“We wanted to see if we could identify very creative and principled disobedience,” says Ito. “I talked to a lot of students, and some of them had started saying, this nonviolence stuff doesn’t work anymore, or those days of Gandhi are over. And some people threatened to engage in disobedience that I felt was sort of reckless.”
The aim of the award is to help someone make further progress. “My hope is that we support a person in the middle of their career and help provide coaching, support, and visibility to help him or her be more effective,” says Ethan Zuckerman, director of the Center for Civic Media at the MIT Media Lab. “We hope we’re not just rewarding what they’ve already achieved.”
Living near green space will make your life better. New studies coming out of Europe point out that proximity to nature has an impact on levels of depression, as in there is less depression. If you have the option to keep local forests (or any green space) then you should keep it! Not only are nature areas good for the mind, they’re also good for the body. The same research has pointed out that obesity rates are lower in places where nature is accessible.
The benefits aren’t just for individuals because fitter, happier people is better for society at large.
Overall, nature is an under-recognised healer, the paper says, offering multiple health benefits from allergy reductions to increases in self-esteem and mental wellbeing.
A study team of 11 researchers at the Institute for European environmental policy (IEEP) spent a year reviewing more than 200 academic studies for the report, which is the most wide-ranging probe yet into the dynamics of health, nature and wellbeing.
The report makes use of several studies that depict access to nature as being inextricably linked to wealth inequality, because deprived communities typically have fewer natural environments within easy reach.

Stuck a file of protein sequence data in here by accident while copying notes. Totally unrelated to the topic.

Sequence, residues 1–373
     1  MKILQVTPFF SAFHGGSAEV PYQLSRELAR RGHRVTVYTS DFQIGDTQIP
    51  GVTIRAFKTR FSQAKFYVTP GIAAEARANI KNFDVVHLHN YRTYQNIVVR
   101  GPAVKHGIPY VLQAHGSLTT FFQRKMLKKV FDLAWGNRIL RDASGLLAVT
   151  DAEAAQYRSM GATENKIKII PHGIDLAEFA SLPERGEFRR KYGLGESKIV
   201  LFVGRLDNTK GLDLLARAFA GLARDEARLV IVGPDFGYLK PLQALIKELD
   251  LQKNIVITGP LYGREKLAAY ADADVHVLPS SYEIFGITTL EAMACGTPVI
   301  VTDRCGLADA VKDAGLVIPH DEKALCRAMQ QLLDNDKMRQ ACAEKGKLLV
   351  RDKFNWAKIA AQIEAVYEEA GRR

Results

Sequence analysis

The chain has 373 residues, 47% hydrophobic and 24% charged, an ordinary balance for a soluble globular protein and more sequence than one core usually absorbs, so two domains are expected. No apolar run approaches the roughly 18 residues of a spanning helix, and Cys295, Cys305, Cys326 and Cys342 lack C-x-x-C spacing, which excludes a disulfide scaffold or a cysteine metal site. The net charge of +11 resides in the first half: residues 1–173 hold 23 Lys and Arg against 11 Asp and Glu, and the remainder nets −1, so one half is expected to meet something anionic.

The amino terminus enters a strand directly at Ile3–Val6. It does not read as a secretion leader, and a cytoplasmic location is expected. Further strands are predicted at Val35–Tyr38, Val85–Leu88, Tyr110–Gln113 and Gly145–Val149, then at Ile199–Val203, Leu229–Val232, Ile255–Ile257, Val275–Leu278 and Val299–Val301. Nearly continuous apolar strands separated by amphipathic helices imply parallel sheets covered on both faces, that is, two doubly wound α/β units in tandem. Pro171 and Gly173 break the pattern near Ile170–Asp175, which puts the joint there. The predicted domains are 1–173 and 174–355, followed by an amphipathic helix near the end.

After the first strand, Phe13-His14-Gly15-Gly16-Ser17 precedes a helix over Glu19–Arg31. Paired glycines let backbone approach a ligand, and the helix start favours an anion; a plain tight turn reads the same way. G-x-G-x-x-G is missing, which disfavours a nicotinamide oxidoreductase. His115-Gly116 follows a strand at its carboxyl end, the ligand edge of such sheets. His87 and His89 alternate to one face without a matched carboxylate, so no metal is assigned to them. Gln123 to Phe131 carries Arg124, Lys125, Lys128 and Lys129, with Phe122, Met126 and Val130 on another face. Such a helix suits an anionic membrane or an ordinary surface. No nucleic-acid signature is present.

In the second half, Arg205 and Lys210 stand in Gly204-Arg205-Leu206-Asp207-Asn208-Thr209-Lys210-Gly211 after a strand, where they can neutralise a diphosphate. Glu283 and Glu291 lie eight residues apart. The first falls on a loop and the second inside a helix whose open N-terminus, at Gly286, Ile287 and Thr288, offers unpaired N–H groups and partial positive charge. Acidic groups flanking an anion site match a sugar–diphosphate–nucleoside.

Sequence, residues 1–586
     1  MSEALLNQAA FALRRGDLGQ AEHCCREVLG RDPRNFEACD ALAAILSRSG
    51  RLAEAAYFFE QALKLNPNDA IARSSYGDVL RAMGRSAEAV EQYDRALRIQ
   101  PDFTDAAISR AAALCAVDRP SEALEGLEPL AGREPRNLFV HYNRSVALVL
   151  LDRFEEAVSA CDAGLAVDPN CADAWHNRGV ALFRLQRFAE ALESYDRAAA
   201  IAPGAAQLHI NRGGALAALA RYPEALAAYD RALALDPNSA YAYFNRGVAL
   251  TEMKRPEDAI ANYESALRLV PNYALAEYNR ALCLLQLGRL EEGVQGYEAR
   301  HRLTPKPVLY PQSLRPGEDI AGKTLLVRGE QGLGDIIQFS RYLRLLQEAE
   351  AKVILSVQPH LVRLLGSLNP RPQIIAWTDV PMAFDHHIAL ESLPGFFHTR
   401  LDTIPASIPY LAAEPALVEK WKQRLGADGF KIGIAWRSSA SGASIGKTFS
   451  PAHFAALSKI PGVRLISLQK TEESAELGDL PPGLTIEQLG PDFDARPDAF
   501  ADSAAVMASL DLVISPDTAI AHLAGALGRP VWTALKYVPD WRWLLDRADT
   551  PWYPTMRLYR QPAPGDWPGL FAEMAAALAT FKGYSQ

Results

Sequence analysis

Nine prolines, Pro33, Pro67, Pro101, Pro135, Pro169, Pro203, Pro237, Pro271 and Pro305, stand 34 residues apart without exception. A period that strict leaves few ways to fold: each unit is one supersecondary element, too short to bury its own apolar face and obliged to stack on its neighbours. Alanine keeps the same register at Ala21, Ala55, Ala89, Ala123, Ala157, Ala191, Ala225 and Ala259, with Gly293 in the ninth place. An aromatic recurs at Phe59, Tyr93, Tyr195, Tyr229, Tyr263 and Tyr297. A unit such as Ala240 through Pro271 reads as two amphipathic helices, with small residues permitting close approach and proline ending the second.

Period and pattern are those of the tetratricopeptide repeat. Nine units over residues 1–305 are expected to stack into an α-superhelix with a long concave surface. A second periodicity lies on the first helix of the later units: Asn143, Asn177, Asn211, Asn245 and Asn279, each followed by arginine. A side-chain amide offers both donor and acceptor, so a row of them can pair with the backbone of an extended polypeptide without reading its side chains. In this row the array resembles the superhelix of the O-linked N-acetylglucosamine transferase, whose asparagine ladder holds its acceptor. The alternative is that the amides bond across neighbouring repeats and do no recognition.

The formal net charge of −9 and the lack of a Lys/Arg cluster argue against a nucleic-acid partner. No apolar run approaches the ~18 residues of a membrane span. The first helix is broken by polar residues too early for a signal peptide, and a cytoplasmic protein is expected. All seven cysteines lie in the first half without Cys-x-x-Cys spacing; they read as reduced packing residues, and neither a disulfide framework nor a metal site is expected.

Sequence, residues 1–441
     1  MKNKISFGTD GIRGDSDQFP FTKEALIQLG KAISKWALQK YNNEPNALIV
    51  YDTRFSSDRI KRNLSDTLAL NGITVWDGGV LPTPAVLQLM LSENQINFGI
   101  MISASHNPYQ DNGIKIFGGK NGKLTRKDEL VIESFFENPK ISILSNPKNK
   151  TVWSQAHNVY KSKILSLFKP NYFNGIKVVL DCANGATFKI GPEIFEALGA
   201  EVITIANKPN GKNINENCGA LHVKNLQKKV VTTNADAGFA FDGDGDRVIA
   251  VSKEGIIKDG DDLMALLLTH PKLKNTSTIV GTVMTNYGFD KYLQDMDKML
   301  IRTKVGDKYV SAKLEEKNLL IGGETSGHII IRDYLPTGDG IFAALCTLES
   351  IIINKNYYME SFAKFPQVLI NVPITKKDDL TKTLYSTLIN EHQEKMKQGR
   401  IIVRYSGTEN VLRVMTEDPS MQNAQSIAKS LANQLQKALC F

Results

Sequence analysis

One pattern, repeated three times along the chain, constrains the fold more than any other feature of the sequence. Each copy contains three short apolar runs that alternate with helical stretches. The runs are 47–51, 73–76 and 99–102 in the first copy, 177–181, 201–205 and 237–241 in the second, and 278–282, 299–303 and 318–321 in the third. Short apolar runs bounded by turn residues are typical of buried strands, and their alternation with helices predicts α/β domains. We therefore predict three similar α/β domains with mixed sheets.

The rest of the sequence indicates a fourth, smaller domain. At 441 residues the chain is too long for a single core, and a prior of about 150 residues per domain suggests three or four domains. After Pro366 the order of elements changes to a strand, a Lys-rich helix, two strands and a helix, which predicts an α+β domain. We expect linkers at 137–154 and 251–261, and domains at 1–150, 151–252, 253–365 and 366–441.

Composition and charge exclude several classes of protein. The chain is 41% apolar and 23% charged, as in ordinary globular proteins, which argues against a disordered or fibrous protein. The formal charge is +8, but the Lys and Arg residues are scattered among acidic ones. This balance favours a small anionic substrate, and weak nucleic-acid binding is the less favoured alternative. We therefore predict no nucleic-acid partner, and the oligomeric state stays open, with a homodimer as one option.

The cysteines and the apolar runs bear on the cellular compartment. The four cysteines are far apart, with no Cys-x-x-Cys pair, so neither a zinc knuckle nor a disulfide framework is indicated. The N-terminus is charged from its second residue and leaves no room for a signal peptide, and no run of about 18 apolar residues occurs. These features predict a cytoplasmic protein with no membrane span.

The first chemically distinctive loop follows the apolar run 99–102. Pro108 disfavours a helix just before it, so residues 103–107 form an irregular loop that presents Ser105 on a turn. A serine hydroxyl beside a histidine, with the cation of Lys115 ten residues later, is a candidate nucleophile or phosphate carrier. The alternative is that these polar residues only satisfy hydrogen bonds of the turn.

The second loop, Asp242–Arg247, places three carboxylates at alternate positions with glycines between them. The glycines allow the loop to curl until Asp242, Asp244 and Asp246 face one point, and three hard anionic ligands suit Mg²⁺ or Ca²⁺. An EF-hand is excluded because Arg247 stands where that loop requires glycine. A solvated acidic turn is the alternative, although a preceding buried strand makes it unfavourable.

You probably feel overwhelmed by the seemingly infinite ways that climate change alters the planet and your life. Thankfully, you don’t need to sit ideally by and watch the world get too hot. You can start making a difference today by just monitoring what you do and where you get stuff from. Over at Digg they have compiled simple things that you can start doing today to begin mitigating your impact on the planet.
Think About How You Travel
According to the EPA, in 2014 transportation accounted for just over a quarter of all US greenhouse gas emissions. Granted, not all of that can be chalked up to you jumping in your car and driving to work. In addition to personal automobiles there are also planes and trucks contributing to the problem. A 2016 MIT study found that if every car owner went out en masse and bought an electric vehicle the amount of transportation greenhouse gas emissions would drop by around 30 percent.
Of course, not everyone can just go out and buy an electric vehicle. But there’s still plenty you can do. You can drive more efficiently, make sure your tires are properly inflated, carpool, take public transportation, start riding a bicycle to places.
According to the EPA, just trying to find some way to drive two less days per week will reduce your annual greenhouse gas emissions by 2 tons annually. That’s a 12 percent reduction in your own personal greenhouse gas emissions right there.